Identifying and tackling systemic drivers of inequality must be central to the Agenda 2030 annual review. There must be a holistic and analytical discussion of how neoliberalism, fundamentalisms, militarism, and patriarchy are compounding problems of poverty, underdevelopment, and exclusion. We have proposed thematic reviews on: economic, financial, and trade measures that impede development justice, land and resource distribution, militarism and conflict, corporate influence, as well as patriarchy and fundamentalisms. Reports should look at how each of the 17 goals link to the theme. This is also one way that national governments could work in a more collaborative manner.

A so-called “Ministerial Declaration” articulates the overall political direction of high-level meetings. There was no Ministerial Declaration adopted at HLPF 2020. Is that good or bad for multilateralism?

We are truly disappointed that member states were unable to reach a consensus on the Ministerial Declaration. It is quite ironic that the UN’s “Decade of Action” started with this failure to provide political direction through the Ministerial Declaration. It is also further evidence that governments are utterly failing to take action in the midst of a global pandemic.

We cannot believe that the issues of debt relief, gendered violence against women, foreign occupation, and climate change are being contested. It poses the question of where is multilateralism headed? What kind of message are governments and the UN sending to the people?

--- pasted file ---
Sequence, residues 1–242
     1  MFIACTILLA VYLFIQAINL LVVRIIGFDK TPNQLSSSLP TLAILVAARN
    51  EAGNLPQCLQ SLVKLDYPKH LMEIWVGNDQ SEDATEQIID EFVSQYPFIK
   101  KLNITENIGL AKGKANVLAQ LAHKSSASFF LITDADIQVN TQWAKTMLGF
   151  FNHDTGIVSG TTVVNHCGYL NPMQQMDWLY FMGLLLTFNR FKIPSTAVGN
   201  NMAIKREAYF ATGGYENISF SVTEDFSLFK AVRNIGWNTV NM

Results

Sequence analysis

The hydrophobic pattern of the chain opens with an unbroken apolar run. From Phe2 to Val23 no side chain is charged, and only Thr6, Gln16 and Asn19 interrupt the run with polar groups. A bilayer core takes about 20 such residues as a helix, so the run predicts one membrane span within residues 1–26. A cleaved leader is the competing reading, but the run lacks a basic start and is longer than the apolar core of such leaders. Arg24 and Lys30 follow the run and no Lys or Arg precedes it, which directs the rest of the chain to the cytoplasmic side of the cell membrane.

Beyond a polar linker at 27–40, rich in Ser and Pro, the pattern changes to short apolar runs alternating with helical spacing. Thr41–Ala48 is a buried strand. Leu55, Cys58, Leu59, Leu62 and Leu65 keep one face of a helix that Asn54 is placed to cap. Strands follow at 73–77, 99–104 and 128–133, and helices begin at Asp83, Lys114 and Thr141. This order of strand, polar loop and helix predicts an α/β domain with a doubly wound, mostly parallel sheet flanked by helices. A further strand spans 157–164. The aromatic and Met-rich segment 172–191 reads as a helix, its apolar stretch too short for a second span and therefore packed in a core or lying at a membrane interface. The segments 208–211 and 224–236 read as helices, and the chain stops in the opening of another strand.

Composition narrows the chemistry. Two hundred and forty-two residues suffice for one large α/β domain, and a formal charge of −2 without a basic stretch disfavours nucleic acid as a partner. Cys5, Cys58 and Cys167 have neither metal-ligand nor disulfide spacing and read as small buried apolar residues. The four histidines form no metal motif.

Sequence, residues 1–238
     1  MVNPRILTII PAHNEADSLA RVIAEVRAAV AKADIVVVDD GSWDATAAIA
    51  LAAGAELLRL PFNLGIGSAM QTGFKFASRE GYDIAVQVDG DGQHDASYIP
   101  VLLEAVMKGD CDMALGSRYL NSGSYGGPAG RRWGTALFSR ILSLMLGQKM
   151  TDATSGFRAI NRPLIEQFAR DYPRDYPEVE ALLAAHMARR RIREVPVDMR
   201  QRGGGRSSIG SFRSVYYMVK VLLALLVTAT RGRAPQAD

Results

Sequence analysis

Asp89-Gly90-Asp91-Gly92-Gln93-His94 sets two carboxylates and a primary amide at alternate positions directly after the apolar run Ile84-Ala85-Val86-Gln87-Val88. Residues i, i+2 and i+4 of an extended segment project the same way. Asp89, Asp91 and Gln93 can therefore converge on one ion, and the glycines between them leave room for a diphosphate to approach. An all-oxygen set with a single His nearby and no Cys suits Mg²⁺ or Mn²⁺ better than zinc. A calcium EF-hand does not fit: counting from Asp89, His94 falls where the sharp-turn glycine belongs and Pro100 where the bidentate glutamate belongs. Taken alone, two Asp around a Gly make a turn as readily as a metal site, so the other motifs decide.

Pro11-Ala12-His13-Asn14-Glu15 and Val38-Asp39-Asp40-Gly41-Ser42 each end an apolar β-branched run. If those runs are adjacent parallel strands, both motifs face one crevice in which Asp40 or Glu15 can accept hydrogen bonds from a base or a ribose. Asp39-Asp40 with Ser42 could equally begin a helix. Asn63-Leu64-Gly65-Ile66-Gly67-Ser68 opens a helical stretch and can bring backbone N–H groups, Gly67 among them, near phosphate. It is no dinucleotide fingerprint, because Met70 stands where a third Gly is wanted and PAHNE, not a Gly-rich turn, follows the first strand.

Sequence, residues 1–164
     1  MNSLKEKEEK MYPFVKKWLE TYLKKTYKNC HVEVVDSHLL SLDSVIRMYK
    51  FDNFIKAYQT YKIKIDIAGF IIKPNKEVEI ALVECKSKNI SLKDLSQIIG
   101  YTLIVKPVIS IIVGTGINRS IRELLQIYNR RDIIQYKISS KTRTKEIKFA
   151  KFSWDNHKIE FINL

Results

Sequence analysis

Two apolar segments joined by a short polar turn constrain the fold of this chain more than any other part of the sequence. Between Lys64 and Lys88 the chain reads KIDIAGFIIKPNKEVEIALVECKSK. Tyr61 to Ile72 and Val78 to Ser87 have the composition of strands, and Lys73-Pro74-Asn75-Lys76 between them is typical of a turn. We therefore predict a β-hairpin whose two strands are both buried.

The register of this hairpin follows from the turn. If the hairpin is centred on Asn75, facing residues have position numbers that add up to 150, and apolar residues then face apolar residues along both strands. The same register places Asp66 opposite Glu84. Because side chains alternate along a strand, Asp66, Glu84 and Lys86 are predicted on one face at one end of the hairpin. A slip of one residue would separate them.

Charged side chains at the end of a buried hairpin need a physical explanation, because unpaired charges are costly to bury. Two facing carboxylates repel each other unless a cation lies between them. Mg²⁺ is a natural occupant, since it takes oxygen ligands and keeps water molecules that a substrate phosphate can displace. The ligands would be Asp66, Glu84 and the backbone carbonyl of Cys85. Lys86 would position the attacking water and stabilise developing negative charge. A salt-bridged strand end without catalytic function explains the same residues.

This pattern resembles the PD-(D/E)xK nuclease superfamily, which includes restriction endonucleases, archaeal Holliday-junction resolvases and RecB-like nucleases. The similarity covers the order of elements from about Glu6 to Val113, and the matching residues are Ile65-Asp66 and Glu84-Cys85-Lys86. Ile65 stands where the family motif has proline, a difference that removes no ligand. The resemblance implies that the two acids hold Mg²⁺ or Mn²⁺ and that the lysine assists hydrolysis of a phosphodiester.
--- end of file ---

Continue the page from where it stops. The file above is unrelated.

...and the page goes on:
We need a strong Ministerial Declaration, a strong UN, as well as strong multilateralism that is accountable, committed to extraterritorial human rights obligations, and underpinned by the principles of justice, equity, policy coherence, common but differentiated responsibility, and international solidarity.

This HLPF’s virtual format highlighted the digital access divide especially around civil society participation. How can this be improved?

Civil society has called on the UN and member states to provide a platform for strong civil society engagement during the HLPF2020. While we understand the technical limitations and logistical challenges that arise in virtual meetings, the UN must address them guided by principles of accountability, transparency, and equity, taking a rights-based approach.

We have voiced our concerns over escalating limitations on civil society participation, freedom of assembly and expression in certain national contexts, and attacks on multilateral institutions and processes under the pretext of the COVID-19 crisis. Now more than ever, increased inclusivity and meaningful civil society participation must be asserted and protected.